Are preferences portable? Since my recent post about all the sites I love that track my tastes and make recommendations accordingly and my subsequent musing about the weakness of generic Q&A sites, I had the pleasure of a dinner conversation this weekend to shake all my thoughts up.

On the one hand, the former (sites like Pandora and Amazon) are niche and probably derive the power of their accuracy from that focus. The latter (sites like and Yahoo Answers) I found struggle to be all things to all people and fail in the process. I wondered: is it possible to combine the accuracy of niche sites with the breadth of generic sites? In other words, would bringing my finely honed Pandora music preferences over to Amazon help in their book recommendations which in turn could help with my Netflix movie recommendations? Over time with a successful universal ID that knows all my tastes, many decision engine questions could be rendered moot. Chief Scientist Hugo Liu was not so optimistic. His experience as a "taste researcher" suggests that preferences are not portable. Amazon "knowing" my music tastes, he suggests, has a neglible impact on the power of their book recommendations to me compared with their data on what people who bought my most recently purchased book also bought. I wonder, then, why Hunch tries so hard to "get to know" you to inform their recommendations on a wide variety of topics. Hugo has discovered some pretty interesting, and perhaps revealing, correlations from the Hunch data, for example, that people who like to dance regularly overwhelmingly seem to also prefer Macs over PCs. Curious, yes, but how much should this discovery impact their recommendations?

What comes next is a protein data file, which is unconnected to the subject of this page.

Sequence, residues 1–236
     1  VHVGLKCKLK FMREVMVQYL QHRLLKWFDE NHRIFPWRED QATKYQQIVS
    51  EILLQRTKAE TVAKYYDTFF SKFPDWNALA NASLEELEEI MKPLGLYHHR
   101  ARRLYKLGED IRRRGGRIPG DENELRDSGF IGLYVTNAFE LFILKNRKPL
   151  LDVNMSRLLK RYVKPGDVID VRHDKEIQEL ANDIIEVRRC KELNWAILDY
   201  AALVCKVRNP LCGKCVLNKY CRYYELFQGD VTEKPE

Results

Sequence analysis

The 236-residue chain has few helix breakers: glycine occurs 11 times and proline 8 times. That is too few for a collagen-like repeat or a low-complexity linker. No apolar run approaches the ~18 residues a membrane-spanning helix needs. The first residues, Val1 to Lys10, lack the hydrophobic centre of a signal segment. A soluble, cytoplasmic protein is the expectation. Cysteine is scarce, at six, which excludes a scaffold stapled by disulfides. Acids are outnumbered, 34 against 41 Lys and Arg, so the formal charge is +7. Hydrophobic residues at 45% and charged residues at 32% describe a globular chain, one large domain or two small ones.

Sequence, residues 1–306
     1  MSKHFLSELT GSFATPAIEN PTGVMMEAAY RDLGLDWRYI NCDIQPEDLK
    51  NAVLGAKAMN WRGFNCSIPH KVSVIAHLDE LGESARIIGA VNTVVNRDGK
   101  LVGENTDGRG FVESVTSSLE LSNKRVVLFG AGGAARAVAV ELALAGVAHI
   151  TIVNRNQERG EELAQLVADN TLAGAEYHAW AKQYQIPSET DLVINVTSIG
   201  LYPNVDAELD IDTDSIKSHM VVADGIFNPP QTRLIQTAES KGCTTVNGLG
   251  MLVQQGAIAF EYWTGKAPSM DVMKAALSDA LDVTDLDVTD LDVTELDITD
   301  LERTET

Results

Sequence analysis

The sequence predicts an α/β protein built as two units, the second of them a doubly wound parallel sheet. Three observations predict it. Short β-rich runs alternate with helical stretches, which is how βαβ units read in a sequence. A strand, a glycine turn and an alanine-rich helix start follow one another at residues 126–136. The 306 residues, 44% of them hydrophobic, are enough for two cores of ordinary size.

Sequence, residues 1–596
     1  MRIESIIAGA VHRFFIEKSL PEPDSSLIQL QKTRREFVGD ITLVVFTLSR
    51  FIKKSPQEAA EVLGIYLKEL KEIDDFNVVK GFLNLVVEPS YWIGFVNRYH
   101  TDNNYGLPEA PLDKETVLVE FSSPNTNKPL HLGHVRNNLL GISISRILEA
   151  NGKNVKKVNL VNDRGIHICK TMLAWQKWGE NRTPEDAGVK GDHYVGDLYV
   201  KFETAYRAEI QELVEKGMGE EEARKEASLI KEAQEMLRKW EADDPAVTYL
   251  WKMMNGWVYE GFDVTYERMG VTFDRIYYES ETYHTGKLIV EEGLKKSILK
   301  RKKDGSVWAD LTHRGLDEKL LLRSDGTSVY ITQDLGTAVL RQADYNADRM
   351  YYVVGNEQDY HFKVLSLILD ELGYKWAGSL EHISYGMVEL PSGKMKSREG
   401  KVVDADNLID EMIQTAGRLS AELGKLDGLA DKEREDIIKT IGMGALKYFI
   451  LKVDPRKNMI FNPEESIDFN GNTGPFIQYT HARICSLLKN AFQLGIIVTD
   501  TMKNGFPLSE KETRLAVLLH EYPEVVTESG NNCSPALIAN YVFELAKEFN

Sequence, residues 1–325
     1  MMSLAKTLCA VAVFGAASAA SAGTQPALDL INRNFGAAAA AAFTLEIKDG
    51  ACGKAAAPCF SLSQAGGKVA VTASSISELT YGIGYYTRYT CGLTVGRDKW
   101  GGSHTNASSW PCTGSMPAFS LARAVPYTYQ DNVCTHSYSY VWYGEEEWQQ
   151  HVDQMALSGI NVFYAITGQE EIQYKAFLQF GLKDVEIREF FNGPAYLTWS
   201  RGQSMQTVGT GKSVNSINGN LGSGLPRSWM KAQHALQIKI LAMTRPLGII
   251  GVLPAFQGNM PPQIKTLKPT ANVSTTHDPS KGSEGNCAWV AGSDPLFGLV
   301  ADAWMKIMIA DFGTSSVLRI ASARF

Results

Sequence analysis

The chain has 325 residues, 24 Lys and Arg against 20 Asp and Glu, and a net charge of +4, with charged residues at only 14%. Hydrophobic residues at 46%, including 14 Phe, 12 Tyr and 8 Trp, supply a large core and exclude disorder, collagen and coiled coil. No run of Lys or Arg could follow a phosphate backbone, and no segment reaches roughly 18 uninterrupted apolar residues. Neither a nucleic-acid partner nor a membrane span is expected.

More surprisingly, Hugo questioned the value of web personalization at all and suggested that it could even be dangerous. On New York Times, for instance, I am pretty happy using the "Most Popular" box as my guide to the top stories. Do I need personalized "Just for You" results? What would happen if Google started filtering my search results according to what I would be most likely to like? Personalization comes at what price of objectivity?


Beyond traditional bank loans, specifically for small business